Alan's big challenge

A BURGH St Peter man will be visiting north- west Nepal in the autumn as part of the Nepal House Build Challenge, organised by world charity ActionAid.

A BURGH St Peter man will be visiting north- west Nepal in the autumn as part of the Nepal House Build Challenge, organised by world charity ActionAid.

But Alan Offord needs to raise more than £3,000 to take part.

He plans to go to the Bardia area from October 31-November 10 to work as part of a construction project to build houses with the Kamaiya people.

He has put out an appeal for sponsorship from local companies and individuals alongside his own fund-raising efforts.

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“These people were formerly bonded labourers, essentially slaves to their landlords, whose land they lived on,” he said.

“In July 2000, the Nepalese government banned the practise of bonded labour, freeing the Kamaiya, but at the same time making them homeless.

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“ActionAid has been working in the area for over 20 years, helping the Kamaiya to understand their rights to land and to help them build proper brick houses.

“I and a group of around 10 other volunteers, will become part of this project, living under canvas for a week and working on a building site. This is a real opportunity for me to make a direct and meaningful difference to the lives of a disadvantaged people.”

Norfolk-born Alan is 22 and grew up in Burgh St Peter. He went to school at Worlingham Middle and the Sir John Leman High School at Beccles. He was a member of the Scout movement and completed the Duke of Edinburgh Award up to Silver Level.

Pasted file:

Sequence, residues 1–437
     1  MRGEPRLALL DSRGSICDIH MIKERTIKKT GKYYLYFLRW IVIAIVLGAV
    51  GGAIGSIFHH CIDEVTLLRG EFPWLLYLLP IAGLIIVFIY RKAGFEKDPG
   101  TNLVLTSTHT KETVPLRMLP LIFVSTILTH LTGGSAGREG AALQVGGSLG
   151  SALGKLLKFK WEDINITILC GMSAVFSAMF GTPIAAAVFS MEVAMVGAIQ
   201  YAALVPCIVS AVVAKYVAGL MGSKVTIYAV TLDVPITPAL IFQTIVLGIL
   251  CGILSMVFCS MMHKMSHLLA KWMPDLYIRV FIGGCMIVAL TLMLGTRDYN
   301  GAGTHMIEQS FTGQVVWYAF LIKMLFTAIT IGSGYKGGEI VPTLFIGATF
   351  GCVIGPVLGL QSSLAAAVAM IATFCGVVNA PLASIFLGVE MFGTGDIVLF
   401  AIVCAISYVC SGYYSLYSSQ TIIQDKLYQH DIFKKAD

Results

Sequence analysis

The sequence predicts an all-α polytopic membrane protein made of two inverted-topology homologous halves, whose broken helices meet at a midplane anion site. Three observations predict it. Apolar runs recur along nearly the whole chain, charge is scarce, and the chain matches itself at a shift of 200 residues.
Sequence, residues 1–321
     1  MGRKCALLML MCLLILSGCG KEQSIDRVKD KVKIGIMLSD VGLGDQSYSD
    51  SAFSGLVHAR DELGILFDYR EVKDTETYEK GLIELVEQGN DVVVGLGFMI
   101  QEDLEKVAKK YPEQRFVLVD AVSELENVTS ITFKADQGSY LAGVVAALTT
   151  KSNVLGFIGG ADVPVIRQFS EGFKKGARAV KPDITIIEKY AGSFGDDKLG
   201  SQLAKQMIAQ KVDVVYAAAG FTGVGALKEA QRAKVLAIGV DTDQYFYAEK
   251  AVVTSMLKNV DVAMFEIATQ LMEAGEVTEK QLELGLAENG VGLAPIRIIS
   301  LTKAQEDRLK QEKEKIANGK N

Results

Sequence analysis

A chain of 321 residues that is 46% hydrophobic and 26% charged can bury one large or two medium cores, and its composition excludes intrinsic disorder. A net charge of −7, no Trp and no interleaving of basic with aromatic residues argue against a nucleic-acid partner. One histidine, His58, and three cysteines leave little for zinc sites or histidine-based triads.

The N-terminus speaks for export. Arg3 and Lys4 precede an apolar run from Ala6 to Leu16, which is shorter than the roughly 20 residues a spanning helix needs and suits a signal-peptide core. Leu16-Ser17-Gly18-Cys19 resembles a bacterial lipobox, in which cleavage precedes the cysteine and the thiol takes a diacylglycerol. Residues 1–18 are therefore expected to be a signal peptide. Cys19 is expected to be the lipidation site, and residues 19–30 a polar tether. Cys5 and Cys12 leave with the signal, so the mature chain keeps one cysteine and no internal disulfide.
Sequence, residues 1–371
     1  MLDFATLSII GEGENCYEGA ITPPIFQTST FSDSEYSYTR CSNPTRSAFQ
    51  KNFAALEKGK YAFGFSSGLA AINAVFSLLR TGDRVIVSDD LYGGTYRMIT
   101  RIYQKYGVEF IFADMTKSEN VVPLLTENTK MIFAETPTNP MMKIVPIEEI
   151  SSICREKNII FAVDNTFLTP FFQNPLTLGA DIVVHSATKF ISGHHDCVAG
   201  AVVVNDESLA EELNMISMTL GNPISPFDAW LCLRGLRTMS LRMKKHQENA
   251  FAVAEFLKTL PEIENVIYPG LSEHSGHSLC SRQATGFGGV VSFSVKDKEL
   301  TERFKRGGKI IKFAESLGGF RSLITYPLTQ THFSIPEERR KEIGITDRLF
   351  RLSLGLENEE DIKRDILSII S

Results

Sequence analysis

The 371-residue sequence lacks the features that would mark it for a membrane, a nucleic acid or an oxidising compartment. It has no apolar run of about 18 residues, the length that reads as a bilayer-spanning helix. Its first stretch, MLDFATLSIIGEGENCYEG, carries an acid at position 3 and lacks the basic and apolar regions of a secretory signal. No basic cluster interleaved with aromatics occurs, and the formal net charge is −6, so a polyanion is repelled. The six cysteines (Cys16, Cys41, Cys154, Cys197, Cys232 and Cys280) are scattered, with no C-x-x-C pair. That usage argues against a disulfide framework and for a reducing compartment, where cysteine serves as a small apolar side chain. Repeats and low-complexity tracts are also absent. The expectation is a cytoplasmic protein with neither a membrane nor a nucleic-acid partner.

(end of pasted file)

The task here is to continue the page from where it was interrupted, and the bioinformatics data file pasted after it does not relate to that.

He has just completed a three-year BA honours degree in graphic design at the University College for the Creative Arts in Maidstone, Kent.

“My goal in becoming involved in this challenge is to do more than just help less fortunate people,” he said.

“I want to experience a community about as far removed from the society I live in as it is possible to get. I want to understand how we, as a fortunate, richer culture, can make a positive difference to the lives of much poorer people.

“I believe that the only way you can truly understand the problems of a community, and also the solutions that are required, is to go out and be physically involved in them.”

Alan needs to raise a personal sponsorship of £3,100 to pay for his flights in and out of Nepal, accommodation and food, as well as building materials, safety equipment and training for the project.

“I have asked for donations from friends and family, taken part in a five-a-side football tournament, run an online blog and will shortly be running in the Herts 10K cross-country marathon,” said Alan.

“I am also seeking sponsorship from local businesses, who might be interested in associating themselves with what I believe is a very worthy project.”

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